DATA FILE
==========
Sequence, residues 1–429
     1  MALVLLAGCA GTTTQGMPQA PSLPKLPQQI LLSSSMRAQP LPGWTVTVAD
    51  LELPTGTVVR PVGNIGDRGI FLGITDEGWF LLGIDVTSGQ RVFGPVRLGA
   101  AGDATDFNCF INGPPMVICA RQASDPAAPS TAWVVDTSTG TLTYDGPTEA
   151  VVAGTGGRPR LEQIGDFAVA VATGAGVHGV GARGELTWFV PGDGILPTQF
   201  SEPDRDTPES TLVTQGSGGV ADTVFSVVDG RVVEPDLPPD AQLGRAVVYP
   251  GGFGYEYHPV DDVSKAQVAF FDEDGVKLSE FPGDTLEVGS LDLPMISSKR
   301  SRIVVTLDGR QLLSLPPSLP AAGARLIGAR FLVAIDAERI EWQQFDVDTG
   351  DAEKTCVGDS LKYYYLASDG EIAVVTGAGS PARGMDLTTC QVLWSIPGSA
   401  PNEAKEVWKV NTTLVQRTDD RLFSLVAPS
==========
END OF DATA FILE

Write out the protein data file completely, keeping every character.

Sequence, residues 1–429
     1  MALVLLAGCA GTTTQGMPQA PSLPKLPQQI LLSSSMRAQP LPGWTVTVAD
    51  LELPTGTVVR PVGNIGDRGI FLGITDEGWF LLGIDVTSGQ RVFGPVRLGA
   101  AGDATDFNCF INGPPMVICA RQASDPAAPS TAWVVDTSTG TLTYDGPTEA
   151  VVAGTGGRPR LEQIGDFAVA VATGAGVHGV GARGELTWFV PGDGILPTQF
   201  SEPDRDTPES TLVTQGSGGV ADTVFSVVDG RVVEPDLPPD AQLGRAVVYP
   251  GGFGYEYHPV DDVSKAQVAF FDEDGVKLSE FPGDTLEVGS LDLPMISSKR
   301  SRIVVTLDGR QLLSLPPSLP AAGARLIGAR FLVAIDAERI EWQQFDVDTG
   351  DAEKTCVGDS LKYYYLASDG EIAVVTGAGS PARGMDLTTC QVLWSIPGSA
   401  PNEAKEVWKV NTTLVQRTDD RLFSLVAPS